Is a vegan diet good for the planet?
I hope you’ve all enjoyed the festive period,
With Christmas and new year now behind us, it feels a good time to reflect on 2019 and feel proud of what we’ve achieved, yet also look forward to 2020 and get excited about what further projects I’d like to embark on. It’s also been a time to re-evaluate where Grassfruits fits with the current dietary choices, and the growing concern for the environment - a key ongoing focus for Grassfruits.
I hope amongst your New Year's resolutions you’re planning to eat more pasture-raised meats in 2020. Veganuary is now upon us and you may be considering an animal-product-free start to the year. This being said, I urge you to weigh up the impacts of these decisions. I’ve put a few points together for you to consider when thinking about a dietary change in 2020. These are some of my opinions and concerns surrounding veganism and the environment. Although I'm an advocate for a diet including pasture-raised meats, I’m pleased veganism has encouraged many to think a little about where their meat is coming from and the production systems used to get meat on their plate.
Are pasture raised meats good for the planet?
Some of my biggest concerns don't necessarily lie with veganism itself, but more the big businesses that have come about as a result of the growing popularity of this ‘ism’. Companies, such as Beyond Meat and Impossible Foods, have developed their own plant-based alternatives to the beef burger. Ingredients of which are as follows; pea protein isolate, expeller-pressed canola oil, refined coconut oil, rice protein and other natural flavors, including apple extract and beet juice extract (for colour). Ingredients for Impossible Foods burger include: water, soy protein concentrate, coconut oil, sunflower oil, potato protein, soy leghemoglobin (a group of protein found in animals and plants) and other natural flavors, according to their websites.
Ingredients to a 100% Grass Fed Beef Burger are as follows… Grass-fed beef mince, onion, salt and pepper. I think I need not explain myself any further. Should we not be looking to eat a more whole foods based diet, be it vegan or otherwise? These meat alternatives that are popping up left, right and centre are incredibly highly processed.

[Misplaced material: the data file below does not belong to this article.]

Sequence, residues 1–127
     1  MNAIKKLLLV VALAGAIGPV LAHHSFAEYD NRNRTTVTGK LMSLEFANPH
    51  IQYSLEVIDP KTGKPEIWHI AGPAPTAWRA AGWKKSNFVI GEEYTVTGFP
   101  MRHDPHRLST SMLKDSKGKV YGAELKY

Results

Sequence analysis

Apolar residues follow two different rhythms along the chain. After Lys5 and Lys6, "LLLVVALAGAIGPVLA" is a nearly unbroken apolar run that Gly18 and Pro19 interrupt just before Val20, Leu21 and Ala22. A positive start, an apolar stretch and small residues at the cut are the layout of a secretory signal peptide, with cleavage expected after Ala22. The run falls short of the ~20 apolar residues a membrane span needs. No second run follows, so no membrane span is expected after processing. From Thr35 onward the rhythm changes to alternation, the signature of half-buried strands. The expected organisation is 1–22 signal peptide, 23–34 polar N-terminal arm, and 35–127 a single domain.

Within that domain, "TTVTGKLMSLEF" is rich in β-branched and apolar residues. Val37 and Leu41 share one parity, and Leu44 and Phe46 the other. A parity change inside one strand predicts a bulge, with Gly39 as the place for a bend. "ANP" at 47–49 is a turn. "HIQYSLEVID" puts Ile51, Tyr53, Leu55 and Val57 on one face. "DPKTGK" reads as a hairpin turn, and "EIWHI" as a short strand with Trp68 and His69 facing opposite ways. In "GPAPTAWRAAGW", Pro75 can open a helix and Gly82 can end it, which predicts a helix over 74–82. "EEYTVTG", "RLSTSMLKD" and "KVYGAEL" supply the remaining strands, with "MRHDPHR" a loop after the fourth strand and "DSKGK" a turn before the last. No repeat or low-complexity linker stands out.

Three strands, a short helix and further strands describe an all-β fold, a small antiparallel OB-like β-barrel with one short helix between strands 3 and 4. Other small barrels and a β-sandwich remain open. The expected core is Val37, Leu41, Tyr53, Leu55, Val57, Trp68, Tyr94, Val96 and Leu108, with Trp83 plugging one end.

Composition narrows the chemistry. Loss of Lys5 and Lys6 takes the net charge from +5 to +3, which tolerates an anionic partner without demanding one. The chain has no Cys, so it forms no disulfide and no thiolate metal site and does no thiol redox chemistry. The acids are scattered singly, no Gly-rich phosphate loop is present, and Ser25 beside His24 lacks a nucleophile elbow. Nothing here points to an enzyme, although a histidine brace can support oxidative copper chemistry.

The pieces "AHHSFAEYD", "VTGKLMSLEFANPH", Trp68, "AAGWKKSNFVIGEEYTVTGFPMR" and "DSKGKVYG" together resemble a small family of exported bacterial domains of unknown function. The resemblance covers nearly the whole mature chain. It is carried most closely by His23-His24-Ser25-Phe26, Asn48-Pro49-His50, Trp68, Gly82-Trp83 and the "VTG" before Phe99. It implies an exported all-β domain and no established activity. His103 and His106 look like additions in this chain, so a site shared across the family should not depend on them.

Many meat and dairy alternatives are largely comprised of industrially-grown mono crops. As can clearly be seen above. I often come under fire on this point as many will say that the large majority of these crops are fed to livestock anyway. Correct, and a large percentage of which are fed to herbivores - animals that don’t have the biological make up to digest these foods in the first place. Herbivores, cattle and sheep eat grasses! They have a stomach called a rumen which enables them to digest grasses which we cannot, and turn sunlight energy stored in the grass into proteins. Pigs and chickens on the other hand are monogastric animals and are also omnivores, enabling them to eat a more varied diet, therefore grain being a more suitable choice for pigs and chickens.
Industrial agriculture, whether it be producing livestock feed or human food is still responsible for 80% of world tropical deforestation and 30% of global greenhouse gas emissions. The UN estimates we have 60 years worth of topsoil left. Without topsoil our food system will collapse! Veganism is not going to solve these problems. There needs to be an overwhelming paradigm shift in world farming practices. One which builds topsoil, restores natural ecosystems and protects our food system for future generations. Soil needs to be built every time we grow a crop, every time we harvest a cow, every time we pick a tomato, topsoil must be built!
The UK market for meat-free foods is now reported to be worth £740m. Officially 350,000 people in the UK signed up to take part in veganuary, with many more unofficially taking part, and millions more worldwide. If people were to get as excited about Regenerative Agriculture as Veganuary, I think we might be onto something. Our food-production systems should be in harmony with nature, no matter what we’re producing. And our dietary choices should not come with a cost to our topsoils, our health and the environment.
Thanks. All the best for 2020